A universe gives a meaning to a set of tables or other data repositories. It defines how those tables link together or what subset of tables hold customer information. It is the principal way for many of the Business Objects client tools to access data – the most prominent one being WebIntelligence (or WebI for short). There is two types of universes, namely relational universes (based on relational tables and access via SQL) and OLAP universes (based on cubes and access via MDX). Thereby, the SQL is generated by a module called query technique (QT) while MDX is generated via an OLAP data access (ODA) component. In the context of NW Business Warehouse (NW BW aka NW BI), OLAP universes (based on a BW query or a BW InfoProvider) have been the way of choice for releases BW 7.0 and below. By using the MDX-based access, all the rich semantics can be leveraged that have been set up and defined in BW meta data repository, like currency and unit conversions, fiscal year or other time semantics etc. Figure 1 shows this situation. For completeness let me add that the existing BICS-based (for the BEx tools or Pioneer in the future) or other MDX protocols (e.g. see Native Excel 2007 On Top Of Netweaver BI 7.0) will continue to exist and are simply outside the scope of this discussion in this blog.
With BW 7.01 (enhancement pack 1 for BW 7.0), things have changed in two ways – see figure 2:
- The ODA – BW interoperability has been significantly improved; it has been streamlined and that translates nicely into a better performance and less memory consumption.See Faster Universe-Based Access To BW via MDX for details.
- Business Objects Data Federator – in general a tool to create unified view of data sources with virtual data integration – can now read data from a BW 7.01 system via a new BW connector. Basically, Data Federator exposes an SQL interface to access BW InfoProviders, i.e. only the data as it is materialized on BW’s underlying RDBMS; there will be no advanced semantics like usage of external hierarchies, restricted, calculated or non-cumulative key figures etc. See SQL Access to BW via Data Federator for more details on the DF-based approach.
The technical requirements for leveraging the options are as follows:
|Minimal Technical Prerequisites|
|MDX-Based Access||SQL-Based Access|
Now, one can argue now that there is suddenly a choice of interfaces and that the customer is left with yet another decision to take. While this is true there is also a number of benefits to that choice. In the end, it is not a “black & white decision” with one interface being always superior over the other but a balanced trade-off that considers a number of design aspects:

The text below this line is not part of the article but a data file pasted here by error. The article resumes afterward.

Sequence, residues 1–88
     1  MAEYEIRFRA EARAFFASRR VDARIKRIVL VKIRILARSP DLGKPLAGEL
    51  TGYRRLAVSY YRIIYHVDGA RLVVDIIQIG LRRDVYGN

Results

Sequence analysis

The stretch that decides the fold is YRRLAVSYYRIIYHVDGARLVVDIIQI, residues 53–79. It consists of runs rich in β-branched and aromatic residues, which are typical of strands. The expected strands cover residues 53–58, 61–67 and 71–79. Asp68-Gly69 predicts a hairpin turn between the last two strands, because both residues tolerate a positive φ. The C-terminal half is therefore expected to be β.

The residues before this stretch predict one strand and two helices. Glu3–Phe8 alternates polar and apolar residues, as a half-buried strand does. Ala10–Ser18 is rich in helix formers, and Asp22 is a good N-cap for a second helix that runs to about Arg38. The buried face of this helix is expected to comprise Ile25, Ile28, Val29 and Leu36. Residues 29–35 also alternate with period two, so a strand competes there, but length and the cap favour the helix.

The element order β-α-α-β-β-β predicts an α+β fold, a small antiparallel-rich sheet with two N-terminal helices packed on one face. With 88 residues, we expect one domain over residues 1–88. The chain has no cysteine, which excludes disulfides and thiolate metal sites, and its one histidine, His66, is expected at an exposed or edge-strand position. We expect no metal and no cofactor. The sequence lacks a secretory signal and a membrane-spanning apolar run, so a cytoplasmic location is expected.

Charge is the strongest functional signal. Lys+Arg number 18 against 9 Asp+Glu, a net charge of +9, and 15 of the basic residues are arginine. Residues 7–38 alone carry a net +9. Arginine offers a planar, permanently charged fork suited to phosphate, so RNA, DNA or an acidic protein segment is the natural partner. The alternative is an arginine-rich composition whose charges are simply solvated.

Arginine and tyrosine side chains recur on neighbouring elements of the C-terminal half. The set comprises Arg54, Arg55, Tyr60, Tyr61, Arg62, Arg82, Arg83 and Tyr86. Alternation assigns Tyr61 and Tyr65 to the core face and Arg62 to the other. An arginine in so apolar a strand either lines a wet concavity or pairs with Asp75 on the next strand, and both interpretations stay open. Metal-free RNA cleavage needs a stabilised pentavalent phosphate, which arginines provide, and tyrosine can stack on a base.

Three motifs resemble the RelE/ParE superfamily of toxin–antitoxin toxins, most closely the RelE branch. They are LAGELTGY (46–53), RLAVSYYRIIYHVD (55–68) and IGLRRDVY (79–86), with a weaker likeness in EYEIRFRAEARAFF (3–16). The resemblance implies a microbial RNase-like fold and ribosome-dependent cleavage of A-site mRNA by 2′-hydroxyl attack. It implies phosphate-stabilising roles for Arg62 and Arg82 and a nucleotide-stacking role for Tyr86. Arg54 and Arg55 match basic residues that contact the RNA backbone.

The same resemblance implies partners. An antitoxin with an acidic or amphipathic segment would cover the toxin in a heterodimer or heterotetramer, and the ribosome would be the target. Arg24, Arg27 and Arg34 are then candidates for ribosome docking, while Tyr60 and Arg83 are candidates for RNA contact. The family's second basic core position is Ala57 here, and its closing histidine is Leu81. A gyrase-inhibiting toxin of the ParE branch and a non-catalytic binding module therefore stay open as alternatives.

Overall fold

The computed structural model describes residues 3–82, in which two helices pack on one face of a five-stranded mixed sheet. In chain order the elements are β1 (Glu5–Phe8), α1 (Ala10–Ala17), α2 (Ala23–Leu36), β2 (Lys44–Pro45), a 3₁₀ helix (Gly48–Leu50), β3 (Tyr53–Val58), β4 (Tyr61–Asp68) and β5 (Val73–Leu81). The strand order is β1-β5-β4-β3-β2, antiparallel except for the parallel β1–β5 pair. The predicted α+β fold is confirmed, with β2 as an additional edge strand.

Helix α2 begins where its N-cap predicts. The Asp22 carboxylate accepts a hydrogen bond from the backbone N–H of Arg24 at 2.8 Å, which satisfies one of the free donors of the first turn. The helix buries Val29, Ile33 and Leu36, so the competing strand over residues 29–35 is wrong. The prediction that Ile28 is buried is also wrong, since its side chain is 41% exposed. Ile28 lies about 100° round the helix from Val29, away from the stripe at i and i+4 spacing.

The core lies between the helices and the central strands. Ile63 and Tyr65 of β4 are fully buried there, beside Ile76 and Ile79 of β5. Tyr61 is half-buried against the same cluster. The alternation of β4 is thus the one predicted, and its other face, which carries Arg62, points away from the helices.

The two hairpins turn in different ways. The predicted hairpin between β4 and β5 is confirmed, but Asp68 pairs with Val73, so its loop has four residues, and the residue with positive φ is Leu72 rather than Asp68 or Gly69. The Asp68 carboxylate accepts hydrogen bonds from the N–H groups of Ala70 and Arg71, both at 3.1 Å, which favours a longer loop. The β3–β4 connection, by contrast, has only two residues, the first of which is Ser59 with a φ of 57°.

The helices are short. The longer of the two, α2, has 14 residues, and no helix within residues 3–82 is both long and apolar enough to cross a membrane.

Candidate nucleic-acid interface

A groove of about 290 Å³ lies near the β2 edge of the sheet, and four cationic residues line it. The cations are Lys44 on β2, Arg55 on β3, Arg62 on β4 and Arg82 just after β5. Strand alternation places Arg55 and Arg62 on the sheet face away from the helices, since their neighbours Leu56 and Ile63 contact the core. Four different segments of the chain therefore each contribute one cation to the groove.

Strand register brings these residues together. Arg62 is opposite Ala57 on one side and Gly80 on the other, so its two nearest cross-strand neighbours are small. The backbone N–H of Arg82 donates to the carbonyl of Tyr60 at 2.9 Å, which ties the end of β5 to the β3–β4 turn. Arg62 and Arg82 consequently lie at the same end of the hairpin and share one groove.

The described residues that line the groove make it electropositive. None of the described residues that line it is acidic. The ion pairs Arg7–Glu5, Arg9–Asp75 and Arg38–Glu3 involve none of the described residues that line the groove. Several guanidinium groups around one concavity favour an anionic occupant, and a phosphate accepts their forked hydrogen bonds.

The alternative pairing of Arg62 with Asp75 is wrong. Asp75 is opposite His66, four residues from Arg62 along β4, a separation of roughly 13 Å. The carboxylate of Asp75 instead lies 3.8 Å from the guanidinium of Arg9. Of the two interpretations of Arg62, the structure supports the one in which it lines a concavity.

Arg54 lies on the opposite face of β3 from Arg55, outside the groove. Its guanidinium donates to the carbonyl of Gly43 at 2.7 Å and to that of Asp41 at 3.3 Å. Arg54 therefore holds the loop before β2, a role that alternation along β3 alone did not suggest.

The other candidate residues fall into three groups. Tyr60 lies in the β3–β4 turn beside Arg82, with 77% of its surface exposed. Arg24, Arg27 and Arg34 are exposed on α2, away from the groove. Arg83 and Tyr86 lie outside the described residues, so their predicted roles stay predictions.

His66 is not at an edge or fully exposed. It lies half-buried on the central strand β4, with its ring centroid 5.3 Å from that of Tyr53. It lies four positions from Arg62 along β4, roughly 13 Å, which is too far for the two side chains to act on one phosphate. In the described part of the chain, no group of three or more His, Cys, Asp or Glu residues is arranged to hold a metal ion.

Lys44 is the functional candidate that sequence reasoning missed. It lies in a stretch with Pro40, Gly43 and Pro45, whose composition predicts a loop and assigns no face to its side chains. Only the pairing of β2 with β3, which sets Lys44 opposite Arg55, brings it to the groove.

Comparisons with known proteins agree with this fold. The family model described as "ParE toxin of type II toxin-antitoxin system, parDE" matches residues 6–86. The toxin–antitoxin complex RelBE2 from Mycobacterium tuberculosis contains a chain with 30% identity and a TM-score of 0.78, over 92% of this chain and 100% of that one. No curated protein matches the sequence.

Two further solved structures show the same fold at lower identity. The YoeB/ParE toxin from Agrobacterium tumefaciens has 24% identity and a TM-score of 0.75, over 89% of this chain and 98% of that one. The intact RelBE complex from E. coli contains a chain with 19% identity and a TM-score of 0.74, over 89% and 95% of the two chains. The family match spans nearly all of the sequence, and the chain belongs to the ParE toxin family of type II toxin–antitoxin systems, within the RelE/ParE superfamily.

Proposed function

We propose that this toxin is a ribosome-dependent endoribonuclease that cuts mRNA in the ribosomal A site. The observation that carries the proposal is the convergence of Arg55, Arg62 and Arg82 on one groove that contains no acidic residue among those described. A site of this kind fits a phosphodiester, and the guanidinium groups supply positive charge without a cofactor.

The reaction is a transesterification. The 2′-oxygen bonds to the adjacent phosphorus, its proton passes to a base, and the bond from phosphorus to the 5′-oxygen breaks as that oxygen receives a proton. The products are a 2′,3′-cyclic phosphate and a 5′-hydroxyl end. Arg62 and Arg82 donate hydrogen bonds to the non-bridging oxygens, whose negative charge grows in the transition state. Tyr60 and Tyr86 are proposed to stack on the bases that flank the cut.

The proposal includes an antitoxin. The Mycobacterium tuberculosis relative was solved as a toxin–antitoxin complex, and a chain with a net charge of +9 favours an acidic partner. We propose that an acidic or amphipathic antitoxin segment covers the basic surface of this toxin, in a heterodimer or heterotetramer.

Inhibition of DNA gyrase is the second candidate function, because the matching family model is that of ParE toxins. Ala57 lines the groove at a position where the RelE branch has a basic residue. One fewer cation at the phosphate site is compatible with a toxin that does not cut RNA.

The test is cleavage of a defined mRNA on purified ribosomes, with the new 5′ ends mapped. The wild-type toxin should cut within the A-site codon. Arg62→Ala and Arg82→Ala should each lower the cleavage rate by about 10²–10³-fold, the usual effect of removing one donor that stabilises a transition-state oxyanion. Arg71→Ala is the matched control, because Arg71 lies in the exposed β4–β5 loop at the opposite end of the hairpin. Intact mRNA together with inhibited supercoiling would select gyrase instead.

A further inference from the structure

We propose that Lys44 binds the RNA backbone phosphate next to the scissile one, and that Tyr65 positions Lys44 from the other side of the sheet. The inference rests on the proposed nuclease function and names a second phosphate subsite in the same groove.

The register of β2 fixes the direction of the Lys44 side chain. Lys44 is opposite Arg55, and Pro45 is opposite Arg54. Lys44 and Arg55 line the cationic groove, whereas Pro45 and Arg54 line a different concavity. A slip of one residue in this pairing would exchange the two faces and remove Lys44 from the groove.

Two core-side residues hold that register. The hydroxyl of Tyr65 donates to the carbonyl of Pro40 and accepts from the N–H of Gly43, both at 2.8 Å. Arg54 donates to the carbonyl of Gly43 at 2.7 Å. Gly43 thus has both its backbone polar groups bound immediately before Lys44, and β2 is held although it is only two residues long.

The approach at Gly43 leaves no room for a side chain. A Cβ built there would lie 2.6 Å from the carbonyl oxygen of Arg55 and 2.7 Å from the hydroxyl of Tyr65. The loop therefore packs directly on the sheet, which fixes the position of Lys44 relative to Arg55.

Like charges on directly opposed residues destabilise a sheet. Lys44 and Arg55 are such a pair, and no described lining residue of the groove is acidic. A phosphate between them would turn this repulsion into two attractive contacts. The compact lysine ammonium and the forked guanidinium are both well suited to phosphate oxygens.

- Centrally defined semantics in BW: this allows for a consistent definition of semantics with all users on a central BW server. Simply consider KPI definitions, such as a profitability which, in some cases, can be broken down into a complex series of calculations that an average BI user or consumer does not and does not want to comprehend. Allowing or requiring such a KPI to be defined in an ad-hoc fashion can be too challenging and/or too dangerous regarding the false conclusions driven from an erroneous definition.
- Ad-hoc enrichment of materialized data: what has been described as a challenge and risk in the previous paragraph, namely ad-hoc definition of semantics, can be something very valuable for users who want to create new analytical queries on the existing data. Here, an access to materialized data via SQL and exploration facilities of WebI can be benefitial.
- End-user mindset: some users are very familiar with tabular data; they might even know exactly what data to find in which table on an RDBMS. Such users might prefer table-based data models to explore. In this case, a relational universe is the likely choice. On the other hand, there is users who prefer multi-dimensional views (i.e. cubes) to analyze. They look at BW data in terms of dimensions (characteristics), hierarchies, measures (key figures), calculated measures etc. They want to leverage centrally defined services such as approved and compliant currency and unit conversion calculations or KPI definitions. In this case, an OLAP universe is probably the preferred option.
- Technical features: BW’s analytic engine provides a set of features that are only available via an OLAP universe (see figures 1 and 2). Find below a list of the most prominent BW features and how well they are supported. It is important to note that for most blank squares there is a workaround, e.g. by using prompts in a universe rather than BW variables. See the blog on the SQL-based access to find out more suggestions.
A notable new feature – that almost comes in as a side effect of the Data Federator based approach – is the option to federate a BW system with either another BW system or an arbitrary RDBMS using Data Federator’s capabilities.
BW Server Feature MDX SQL BW Hierarchies + Restricted and Calculated Key Figures + Security + + BW Variables + Currency and Unit Conversion + Exceptions, Conditions + SUM, MIN, MAX Aggregations + + AVG, COUNT, COUNT DISTINCT, … Aggregations + o OLAP Cache + Navigational Attributes + + Mass Data Enabled o + Federation (e.g. BW – RDBMS, BW – BW) + + = fully supported, o = partially supported
For blank fields there might be acceptable workarounds.
PS (Nov 2009): I’d like to point the readers to a Performance Study: Web Intelligence on top of SAP BW.